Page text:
One by one, the vehicles drive by, windows rolled down, to shout out birthday salutations. By this time, Bo is also holding gifts of large Mylar balloons in an “8” and a “7” and a birthday sign half as big as her petite frame.
Neighbors Tiffany and Andrew Pennink join the parade, on bicycles and pulling a child carrier containing young son Brooks and daughter Stella.
Dr. Jo Ann Chavis Lowery – a retired educator and counselor, artist and singer – is wearing one of the Native American-print masks that she sews for healthcare professionals. She also is holding a small gift bag for Bo that she manages to deliver while still maintaining an arm’s length.
Carole Goforth, who has served on the CFRT Board for some 35 years, comes running with a large smiley-face balloon and an oversized homemade card.
Mary Kate Burke, CFRT artistic director, is waiting in the wings – to deliver a bouquet of Bo’s favorite yellow roses.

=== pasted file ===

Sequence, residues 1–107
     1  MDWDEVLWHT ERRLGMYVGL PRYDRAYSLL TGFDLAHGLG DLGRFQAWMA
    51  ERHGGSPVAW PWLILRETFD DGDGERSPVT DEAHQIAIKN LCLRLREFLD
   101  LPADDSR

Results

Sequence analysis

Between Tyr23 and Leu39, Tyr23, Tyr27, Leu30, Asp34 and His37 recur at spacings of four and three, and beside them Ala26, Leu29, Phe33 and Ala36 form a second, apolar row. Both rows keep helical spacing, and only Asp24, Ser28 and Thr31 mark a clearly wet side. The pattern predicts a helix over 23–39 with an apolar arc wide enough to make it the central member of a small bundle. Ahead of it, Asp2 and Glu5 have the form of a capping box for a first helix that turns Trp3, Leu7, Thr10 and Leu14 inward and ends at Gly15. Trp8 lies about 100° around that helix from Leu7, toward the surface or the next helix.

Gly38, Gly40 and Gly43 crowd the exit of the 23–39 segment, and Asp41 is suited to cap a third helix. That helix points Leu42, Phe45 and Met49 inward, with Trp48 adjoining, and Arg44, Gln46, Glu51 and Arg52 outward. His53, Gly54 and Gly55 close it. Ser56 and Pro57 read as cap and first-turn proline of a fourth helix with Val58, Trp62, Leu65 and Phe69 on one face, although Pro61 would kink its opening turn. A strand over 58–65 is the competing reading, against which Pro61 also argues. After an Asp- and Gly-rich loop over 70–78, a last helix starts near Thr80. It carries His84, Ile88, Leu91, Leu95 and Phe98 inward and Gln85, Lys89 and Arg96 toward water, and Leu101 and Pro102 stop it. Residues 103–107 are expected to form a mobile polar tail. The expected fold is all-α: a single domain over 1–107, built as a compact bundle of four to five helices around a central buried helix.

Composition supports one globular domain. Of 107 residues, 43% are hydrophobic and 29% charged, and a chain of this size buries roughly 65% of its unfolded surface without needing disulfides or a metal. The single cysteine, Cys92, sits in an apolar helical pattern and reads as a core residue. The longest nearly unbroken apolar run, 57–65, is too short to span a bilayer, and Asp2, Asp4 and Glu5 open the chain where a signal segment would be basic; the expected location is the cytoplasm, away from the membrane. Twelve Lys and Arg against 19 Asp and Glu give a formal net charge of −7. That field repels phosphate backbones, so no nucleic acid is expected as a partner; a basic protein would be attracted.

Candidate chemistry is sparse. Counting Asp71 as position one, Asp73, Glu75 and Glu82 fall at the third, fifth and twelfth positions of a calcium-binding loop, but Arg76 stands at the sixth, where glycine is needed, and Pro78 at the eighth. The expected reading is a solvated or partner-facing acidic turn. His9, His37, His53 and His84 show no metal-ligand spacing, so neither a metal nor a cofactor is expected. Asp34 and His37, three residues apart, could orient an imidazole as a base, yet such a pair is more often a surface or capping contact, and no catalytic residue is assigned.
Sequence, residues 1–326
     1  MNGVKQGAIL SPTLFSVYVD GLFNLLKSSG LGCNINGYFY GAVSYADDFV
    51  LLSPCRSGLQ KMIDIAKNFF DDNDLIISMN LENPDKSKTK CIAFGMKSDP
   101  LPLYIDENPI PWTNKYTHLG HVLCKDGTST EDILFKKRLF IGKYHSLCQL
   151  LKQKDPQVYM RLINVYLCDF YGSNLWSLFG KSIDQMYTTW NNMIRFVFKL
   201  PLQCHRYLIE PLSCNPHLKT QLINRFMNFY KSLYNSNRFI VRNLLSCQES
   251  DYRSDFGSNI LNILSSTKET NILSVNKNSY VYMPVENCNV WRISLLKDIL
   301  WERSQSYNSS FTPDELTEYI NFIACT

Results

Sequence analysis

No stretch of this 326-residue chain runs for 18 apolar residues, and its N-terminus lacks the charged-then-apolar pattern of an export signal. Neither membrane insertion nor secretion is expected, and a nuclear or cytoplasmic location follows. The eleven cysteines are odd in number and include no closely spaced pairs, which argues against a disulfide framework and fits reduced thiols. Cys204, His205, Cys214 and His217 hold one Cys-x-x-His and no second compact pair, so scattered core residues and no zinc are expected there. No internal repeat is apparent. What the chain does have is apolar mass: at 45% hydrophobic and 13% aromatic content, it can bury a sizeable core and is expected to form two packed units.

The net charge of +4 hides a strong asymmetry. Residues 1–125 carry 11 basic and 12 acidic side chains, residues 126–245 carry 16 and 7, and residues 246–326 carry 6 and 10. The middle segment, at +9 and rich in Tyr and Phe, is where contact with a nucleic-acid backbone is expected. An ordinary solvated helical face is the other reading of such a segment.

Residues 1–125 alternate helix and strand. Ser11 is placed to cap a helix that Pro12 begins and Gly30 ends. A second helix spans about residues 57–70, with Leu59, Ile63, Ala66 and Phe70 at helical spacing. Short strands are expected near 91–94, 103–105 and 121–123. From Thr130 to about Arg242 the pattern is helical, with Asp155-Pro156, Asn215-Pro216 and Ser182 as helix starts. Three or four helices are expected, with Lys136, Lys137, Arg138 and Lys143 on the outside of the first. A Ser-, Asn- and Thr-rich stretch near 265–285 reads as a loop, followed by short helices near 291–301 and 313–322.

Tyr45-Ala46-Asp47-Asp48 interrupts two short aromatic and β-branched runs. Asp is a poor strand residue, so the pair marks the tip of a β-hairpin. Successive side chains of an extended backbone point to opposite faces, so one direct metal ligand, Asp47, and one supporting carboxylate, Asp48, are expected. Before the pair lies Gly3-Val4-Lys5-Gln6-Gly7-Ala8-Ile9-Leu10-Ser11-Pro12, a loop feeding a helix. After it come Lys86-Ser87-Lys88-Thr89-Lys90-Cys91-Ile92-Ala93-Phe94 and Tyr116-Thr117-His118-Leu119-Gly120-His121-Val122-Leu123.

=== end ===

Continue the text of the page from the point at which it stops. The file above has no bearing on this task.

The crowd, while respecting the social distancing edict, bursts into song, wishing Bo a “Happy Birthday,” as she offers back “air hugs” and jokes, “Y’all must not have had anything else to do today.”
A few seconds pass by, as another voice – gospel singer Sherry Carter – fills the air, and the crowd joins in:
“Amazing Grace, how sweet the sound
That saved a wretch like me
I once was lost, but now am found
T'was blind but now I see …
“Through many dangers, toils and snares
We have already come.
T’was grace that brought us safe thus far
And grace will lead us home.”
And so it goes. Not a dry eye in the crowd. Good thing several people were wearing masks. But we can see emotion in the eyes. A grand celebration for the Grande Dame of Fayetteville Theater. In a pandemic – amid the stillness of a neighborhood street with dramatically blue skies overhead and sunshine filtering through the towering pines and oaks and flowering dogwoods. “God set the stage,” says Darlene.
“It was like we were in heaven,” Bo marvels, “the skies were so blue.”
She adds in inimitable Bo style, “I thought getting older was supposed to be a bad thing, but everything about this is good.”